When the music hating Blue Meanies take over Pepperland and freeze everyone within it, including the protectors, Sgt Peppers Lonely Hearts Club Band. Captain Fred and his Yellow Submarine recruit The Beatles to help save Pepperland. Along the way, they fall through the Sea of Time, Sea of Nothing, Sea of Holes and more. They meet Jeremy Hillary Boob Ph.D. and take him with them along the adventure. When at Pepperland, the Beatles "rally the land to rebellion" and take down the Blue Meanies, the four-headed Meanie dog and the Dreadful Flying Glove (with the songs "Sgt. Peppers Lonely Hearts Club Band", "With A Little Help From My Friends", "Hey Bulldog", "All You Need is Love"). In the end, we see all four live-action Beatles singing "All Together Now".Written by
John Vogel <email@example.com>
The original British version was restored in 1998 for release in 1999. American audiences finally got to see the five minutes of footage that had been cut from the original 85-minute U.S. version, including the "Hey Bulldog" sequence. See more »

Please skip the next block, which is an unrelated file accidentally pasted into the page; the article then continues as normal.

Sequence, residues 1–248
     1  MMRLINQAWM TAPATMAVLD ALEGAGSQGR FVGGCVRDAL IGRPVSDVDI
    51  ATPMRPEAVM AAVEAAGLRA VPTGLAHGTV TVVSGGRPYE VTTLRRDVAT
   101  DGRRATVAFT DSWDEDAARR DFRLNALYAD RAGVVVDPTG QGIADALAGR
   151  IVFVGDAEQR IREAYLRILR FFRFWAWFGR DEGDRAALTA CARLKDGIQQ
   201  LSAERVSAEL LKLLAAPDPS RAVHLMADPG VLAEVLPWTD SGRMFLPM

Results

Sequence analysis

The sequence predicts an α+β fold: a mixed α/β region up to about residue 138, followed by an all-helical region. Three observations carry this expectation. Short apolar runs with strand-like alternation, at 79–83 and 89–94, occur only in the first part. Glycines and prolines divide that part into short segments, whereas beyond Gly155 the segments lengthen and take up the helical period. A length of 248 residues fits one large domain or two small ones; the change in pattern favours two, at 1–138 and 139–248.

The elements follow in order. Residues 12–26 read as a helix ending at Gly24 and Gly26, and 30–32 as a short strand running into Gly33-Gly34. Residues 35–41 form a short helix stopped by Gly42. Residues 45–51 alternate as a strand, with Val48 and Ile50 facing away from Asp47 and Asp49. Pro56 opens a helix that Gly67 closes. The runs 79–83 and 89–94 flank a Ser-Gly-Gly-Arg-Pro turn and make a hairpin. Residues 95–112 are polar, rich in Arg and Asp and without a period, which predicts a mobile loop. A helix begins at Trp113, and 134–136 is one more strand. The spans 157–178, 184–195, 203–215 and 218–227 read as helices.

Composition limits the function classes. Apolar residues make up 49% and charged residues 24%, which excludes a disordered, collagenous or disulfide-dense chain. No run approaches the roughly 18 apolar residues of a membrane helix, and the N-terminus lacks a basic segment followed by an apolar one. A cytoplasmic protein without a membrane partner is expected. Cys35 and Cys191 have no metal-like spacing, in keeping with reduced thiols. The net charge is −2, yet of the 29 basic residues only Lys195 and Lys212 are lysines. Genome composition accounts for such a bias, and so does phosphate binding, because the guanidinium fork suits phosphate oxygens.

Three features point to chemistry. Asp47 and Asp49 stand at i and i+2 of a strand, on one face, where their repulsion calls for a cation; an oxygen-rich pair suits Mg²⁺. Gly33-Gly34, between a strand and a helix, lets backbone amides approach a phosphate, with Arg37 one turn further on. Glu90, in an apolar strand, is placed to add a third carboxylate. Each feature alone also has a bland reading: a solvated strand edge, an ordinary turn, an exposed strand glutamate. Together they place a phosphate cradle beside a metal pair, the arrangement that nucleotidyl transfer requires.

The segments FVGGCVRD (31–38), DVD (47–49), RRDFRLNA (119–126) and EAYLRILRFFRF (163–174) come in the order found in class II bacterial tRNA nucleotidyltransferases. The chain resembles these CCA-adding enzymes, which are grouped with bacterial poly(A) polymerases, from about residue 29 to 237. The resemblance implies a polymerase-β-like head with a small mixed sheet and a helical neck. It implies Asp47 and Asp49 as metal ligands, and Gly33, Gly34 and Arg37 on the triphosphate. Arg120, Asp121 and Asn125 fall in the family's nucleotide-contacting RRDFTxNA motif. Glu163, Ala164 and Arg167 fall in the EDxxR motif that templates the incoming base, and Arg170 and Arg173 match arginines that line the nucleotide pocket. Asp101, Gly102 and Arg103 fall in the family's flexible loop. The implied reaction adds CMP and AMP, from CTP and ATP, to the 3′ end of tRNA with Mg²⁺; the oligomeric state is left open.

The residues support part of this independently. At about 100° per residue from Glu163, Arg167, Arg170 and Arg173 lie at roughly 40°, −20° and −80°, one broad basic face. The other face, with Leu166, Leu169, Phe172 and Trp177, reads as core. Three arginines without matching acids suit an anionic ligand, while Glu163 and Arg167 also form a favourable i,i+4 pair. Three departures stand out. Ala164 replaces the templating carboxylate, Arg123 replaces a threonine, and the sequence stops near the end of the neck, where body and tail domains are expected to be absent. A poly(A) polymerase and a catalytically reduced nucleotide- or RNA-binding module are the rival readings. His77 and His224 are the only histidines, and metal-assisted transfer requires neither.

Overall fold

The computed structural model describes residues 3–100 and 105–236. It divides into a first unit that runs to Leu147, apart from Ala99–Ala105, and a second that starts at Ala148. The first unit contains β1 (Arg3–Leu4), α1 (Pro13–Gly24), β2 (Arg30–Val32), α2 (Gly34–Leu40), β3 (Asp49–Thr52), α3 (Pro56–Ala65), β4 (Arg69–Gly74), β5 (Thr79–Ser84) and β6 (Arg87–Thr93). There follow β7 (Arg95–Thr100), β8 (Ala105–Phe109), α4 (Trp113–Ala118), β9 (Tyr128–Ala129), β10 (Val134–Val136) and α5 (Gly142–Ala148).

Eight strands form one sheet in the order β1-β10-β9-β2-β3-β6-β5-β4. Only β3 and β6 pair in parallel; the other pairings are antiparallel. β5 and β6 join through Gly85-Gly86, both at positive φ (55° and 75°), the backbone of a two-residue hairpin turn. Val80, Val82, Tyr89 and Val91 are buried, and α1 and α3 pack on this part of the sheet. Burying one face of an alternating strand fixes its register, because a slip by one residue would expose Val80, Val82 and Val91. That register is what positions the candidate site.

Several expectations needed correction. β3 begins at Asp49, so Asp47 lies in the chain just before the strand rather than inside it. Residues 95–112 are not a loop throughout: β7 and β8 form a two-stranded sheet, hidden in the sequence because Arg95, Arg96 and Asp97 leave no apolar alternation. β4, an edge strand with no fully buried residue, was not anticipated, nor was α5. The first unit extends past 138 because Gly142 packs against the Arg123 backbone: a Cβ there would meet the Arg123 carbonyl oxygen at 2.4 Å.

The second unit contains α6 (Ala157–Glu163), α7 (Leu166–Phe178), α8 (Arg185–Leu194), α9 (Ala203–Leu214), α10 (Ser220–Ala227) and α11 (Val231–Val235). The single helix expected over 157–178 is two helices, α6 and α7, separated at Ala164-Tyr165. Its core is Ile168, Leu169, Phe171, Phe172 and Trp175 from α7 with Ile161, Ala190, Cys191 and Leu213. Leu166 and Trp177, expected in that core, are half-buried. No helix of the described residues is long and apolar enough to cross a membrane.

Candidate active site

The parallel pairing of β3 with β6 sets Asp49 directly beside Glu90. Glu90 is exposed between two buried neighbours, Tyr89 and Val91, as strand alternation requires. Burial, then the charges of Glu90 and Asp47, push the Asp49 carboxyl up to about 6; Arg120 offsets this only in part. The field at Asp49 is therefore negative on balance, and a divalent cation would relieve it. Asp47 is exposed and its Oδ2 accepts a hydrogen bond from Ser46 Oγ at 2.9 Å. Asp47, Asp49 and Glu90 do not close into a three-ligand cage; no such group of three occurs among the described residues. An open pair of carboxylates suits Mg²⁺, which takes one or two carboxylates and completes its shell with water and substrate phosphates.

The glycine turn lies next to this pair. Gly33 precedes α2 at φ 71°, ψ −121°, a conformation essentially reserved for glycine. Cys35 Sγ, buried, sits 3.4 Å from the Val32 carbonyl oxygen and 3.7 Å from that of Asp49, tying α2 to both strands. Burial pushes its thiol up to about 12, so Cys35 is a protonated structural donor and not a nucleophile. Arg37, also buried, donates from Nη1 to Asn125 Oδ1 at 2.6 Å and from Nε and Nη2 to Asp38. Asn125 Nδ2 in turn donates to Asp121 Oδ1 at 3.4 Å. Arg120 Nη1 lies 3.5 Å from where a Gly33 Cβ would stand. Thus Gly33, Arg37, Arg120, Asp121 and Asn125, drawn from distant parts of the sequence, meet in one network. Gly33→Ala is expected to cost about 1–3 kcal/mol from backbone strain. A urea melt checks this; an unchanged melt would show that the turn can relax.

The narration states that Pepperland is 80,000 leagues under the sea. The earth's radius is less than 2000 leagues. See more »
If you think music video started with MTV, see this film...
"Yellow Submarine" is a great film but it's not because of the plot or even the whimsical, non-sequitur filled dialogue. "Yellow Submarine" works best as a series of loosely connected music videos that pre-date MTV by 12 years.
If you grew up with MTV and you think that most music videos consist of 80's Hair-Metal bands "in concert" or rappers in hot tubs with women in bikinis, take a look at some of the musical numbers in "Yellow Submarine".
You have "Only a Northern Song" which is presented with Andy Warhol style pop-art images. "Nowhere Man" is a whimsical, trippy, rainbow colored cartoon. "When I'm Sixty Four" is illustrated by a "Sesame Street" style numerical countdown. Even "All Together Now", for which The Beatles themselves actually appear on screen, contains little camera tricks and quick cut edits that are common tools of more recent music videos.
The two best segments in the movie, in my opinion, are "Eleanor Rigby" and "Lucy in the Sky with Diamonds". "Eleanor Rigby" uses black and white still photos of what is apparently Liverpool rotoscoped with occasional splashes of color to illustrate the dreariness of the lives of "all the lonely people." The full-color rotoscoped images for "Lucy", such as the can-can dancing chorus line and the horse running in the field, are beautiful.
If you are a fan of The Beatles, great animation, or music video, this film is for you.
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